Lauded at Cannes and other film festivals, No One Knows About Persian Cats by director Bahman Ghobadi (also director of A Time for Drunken Horses) has literally struck chords around the world. Despite being originally released in May of 2009, perhaps in time for Iran’s national elections, the film is only now making rounds in Britain. On 31 March the movie played at the Cine Lumiere with a question and answer session as well as music by the film’s stars, Ashkan Koshenejad and Negar Shaghaghi.
The story is set in Tehran, and focuses on Ashkan and Negar attempts to form a band to play a concert in London as well as acquiring fake travel documents to make the journey. Each play themselves in a story less about two young musicians than about censorship and frustration in modern Iran. ‘You can’t make music here or say what you want,’ says Negar in the film. While there is no explicit political criticism, or discussion of religion, there is an abundance of music and resistance throughout the film.
Shot in 17 days, the movie is a brilliant exhibition of Iran’s underground music scene. Since most of the story involves waiting for illegal travel documents and finding band members, we are treated to a generous display of bands and musical talent from a wide variety of genres. Heavy metal, hip-hop, indie rock, the blues vie for space throughout.
The film is perhaps best described as creative non-fiction and was made without professional actors, and ‘people chose to be a part of the movie despite the risk,’ says Negar, because they were frustrated. Ashkan said he ‘wanted to show the world what was happening in Iran.’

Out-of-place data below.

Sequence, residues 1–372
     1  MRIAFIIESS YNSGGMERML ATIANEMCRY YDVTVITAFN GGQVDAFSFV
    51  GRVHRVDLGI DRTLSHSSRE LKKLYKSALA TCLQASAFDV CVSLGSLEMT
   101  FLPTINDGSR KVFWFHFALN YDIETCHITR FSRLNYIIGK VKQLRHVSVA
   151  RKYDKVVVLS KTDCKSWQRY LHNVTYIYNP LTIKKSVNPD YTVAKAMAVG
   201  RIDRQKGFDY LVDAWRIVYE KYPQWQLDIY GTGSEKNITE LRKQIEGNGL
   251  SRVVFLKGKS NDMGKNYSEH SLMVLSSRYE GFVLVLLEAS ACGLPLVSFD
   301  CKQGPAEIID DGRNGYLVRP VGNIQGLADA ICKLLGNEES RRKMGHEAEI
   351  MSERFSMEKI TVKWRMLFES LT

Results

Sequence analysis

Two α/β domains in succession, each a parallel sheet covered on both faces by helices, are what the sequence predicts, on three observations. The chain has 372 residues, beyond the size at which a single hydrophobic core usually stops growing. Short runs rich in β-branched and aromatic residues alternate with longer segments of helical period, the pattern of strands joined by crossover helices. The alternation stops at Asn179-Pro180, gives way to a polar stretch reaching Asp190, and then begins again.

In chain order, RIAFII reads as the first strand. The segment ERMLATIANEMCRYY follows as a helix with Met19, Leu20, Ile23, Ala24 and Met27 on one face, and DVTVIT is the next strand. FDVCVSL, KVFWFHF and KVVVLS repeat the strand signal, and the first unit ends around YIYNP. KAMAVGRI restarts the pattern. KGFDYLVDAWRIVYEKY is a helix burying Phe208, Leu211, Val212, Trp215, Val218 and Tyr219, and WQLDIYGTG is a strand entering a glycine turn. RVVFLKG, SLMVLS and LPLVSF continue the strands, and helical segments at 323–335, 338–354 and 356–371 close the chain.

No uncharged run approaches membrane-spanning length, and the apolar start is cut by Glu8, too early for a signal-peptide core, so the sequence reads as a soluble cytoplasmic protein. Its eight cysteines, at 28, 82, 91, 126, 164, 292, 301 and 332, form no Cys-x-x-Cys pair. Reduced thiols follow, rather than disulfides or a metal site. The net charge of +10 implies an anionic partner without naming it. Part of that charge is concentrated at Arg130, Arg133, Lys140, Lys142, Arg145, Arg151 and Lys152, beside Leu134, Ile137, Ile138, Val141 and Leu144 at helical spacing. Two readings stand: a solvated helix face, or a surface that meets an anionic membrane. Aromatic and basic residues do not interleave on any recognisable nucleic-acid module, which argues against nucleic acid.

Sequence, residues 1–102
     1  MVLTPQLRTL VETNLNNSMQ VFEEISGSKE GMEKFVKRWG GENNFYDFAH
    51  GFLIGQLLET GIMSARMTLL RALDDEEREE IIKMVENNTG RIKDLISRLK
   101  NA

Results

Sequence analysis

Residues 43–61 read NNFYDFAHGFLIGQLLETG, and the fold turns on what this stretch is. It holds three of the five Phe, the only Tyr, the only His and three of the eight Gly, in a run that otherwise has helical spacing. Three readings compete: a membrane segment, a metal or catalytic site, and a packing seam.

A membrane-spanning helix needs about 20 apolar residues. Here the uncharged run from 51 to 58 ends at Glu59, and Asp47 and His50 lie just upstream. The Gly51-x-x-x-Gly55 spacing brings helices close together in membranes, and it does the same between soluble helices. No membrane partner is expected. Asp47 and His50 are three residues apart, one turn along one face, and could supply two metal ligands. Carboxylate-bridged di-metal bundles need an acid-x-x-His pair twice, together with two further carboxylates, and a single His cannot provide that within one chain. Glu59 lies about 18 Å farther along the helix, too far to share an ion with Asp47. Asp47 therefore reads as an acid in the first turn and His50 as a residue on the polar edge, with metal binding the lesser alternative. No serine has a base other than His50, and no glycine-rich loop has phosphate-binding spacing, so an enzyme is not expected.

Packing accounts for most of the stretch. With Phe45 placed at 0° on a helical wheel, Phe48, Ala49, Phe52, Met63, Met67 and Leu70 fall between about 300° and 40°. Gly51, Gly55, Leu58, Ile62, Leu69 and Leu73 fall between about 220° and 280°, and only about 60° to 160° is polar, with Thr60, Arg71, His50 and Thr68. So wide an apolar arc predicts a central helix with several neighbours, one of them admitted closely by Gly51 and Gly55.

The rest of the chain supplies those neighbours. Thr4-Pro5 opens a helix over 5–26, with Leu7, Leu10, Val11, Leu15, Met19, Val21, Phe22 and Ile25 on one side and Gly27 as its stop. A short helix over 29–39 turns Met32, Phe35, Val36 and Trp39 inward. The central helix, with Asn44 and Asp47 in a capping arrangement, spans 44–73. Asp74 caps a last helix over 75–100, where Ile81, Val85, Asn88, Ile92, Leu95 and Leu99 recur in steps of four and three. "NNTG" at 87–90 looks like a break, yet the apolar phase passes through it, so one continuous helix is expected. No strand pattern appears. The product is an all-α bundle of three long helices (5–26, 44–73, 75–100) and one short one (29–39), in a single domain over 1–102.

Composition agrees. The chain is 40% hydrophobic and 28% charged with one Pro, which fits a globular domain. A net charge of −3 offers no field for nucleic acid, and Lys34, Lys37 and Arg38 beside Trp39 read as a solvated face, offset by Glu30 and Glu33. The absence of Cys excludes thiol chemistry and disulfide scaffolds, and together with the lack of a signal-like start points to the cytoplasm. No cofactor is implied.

In the decidedly less serious Hollywood film School of Rock, one character, Dewey Finn, says ‘Dude, I service society by rocking, OK? I’m out there on the front lines liberating people with my music.’ Had he lived in Iran, that could well have been rather closer to the truth.
No One Knows About Persian Cats is at the Cine Lumiere 9-15 April 2010 and at selected other cinemas around the country.
#229 No Return to ‘Normal’ ● Sir David King blasts the government ● State power, policing and civil rights under Covid-19 ● Hope and determination in grassroots resistance ● Black liberation and Palestine ● The future of ‘live’ ● Pubs, patriotism and precarity ● Latest book reviews ● And much more!
And you choose how much to pay for your subscription...
From creating to ‘taking up’ space, Molly Fleming reports on the ongoing efforts to sustain radical queer traditions
Public spaces became increasingly valued during lockdown – and increasingly policed. We must continue to reclaim and celebrate it for everyone, says Morag Rose
Without active protection from the state, the rejected Project Big Picture is a taste of things to come for English football, argues Alex Maguire
Anti-racist movements in France are challenging both the state and the traditional left, writes Selma Oumari
As education becomes increasingly authoritarian, the battle against racist educational enclosure policies is one the left cannot afford to lose, argues Jessica Perera
Alethea Warrington describes how the fossil fuels industry hopes to change its image but not its practice